Speaking of Prop 13 changes, how about making it easier for the Legislature to raise taxes? Only 45 percent of likely voters in PPIC's poll support majority vote tax hikes in Sacramento (again, a modification of Prop 13), but again the demographics find a notable split: support rises to 53 percent among young Californians, and still further to 62 percent of Latinos - the latter being a whopping 17 point increase from the overall electorate, higher than any other subgroup in the new poll.
That last statistic suggests what both PPIC's Baldassare and Field Poll director Mark DiCamillo recently said at the monthly meeting of the Sacramento Press Club: young and ethnic California voters have more confidence in the "value of government" than do their older, more conservative elders.
And the PPIC poll seems to offer another glimpse of that in a different proposal: should the Legislature and governor be given the power to amend or modify initiatives after a certain number of years? It's an idea bandied about by some advocates of reform, yet the new poll finds only 40 percent support among likely voters. But ask young and ethnic voters, and you get a different answer. The poll finds 53 percent of Latinos and 58 percent of young voters surveyed like the idea.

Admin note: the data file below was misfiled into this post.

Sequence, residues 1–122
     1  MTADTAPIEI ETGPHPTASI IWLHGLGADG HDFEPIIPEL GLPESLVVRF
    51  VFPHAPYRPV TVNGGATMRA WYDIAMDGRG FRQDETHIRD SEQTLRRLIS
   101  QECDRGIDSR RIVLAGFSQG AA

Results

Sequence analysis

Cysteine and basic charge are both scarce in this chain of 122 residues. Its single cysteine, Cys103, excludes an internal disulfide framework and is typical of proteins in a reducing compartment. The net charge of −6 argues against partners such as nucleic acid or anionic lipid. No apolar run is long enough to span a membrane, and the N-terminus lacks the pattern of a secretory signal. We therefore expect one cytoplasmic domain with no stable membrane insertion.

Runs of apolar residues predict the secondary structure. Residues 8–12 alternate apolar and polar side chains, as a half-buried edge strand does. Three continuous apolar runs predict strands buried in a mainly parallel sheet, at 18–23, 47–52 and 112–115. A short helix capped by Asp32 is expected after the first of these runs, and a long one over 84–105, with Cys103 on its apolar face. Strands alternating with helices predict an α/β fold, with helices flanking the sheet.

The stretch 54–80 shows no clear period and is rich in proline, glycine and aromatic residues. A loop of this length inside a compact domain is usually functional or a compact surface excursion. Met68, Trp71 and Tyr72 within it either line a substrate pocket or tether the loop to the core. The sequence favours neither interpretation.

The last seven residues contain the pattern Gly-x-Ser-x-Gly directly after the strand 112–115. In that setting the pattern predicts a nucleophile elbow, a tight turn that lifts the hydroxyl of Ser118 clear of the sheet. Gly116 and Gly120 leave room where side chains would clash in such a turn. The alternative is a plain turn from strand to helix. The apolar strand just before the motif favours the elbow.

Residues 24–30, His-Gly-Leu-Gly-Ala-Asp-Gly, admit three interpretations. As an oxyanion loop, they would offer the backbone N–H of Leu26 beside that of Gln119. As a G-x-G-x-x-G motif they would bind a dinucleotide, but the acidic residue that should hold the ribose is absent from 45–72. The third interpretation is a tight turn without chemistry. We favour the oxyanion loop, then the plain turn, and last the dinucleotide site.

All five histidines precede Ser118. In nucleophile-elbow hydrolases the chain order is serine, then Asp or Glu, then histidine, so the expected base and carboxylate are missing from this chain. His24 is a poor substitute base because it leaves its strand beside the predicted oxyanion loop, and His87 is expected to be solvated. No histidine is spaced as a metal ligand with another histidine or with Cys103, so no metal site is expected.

(Both young and old, and all ethnic groups, do agree on one kind of state budget change: tighter controls on legislative spending. Proposals to limit spending through some kind of "cap," to increase the size of the state's rainy day fund, and to enact a pay-as-you-go rule for big new expenses all have support across the board.)
None of this indicates big changes in the immediate future, but it does suggest that the growing diversity of the electorate in California could change the conventional wisdom about how voters view their government and its proper powers. It also could present opportunities... and challenges... for the two major political parties, especially as many voters (young voters, in particular) are now less enamored with joining a party in the first place.